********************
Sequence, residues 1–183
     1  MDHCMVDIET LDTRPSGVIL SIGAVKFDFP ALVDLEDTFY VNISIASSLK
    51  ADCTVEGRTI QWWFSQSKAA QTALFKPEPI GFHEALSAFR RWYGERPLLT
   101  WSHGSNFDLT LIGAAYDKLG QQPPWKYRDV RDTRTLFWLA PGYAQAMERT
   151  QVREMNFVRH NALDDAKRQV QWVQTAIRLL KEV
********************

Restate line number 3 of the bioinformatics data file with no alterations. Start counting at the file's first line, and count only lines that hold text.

    51  ADCTVEGRTI QWWFSQSKAA QTALFKPEPI GFHEALSAFR RWYGERPLLT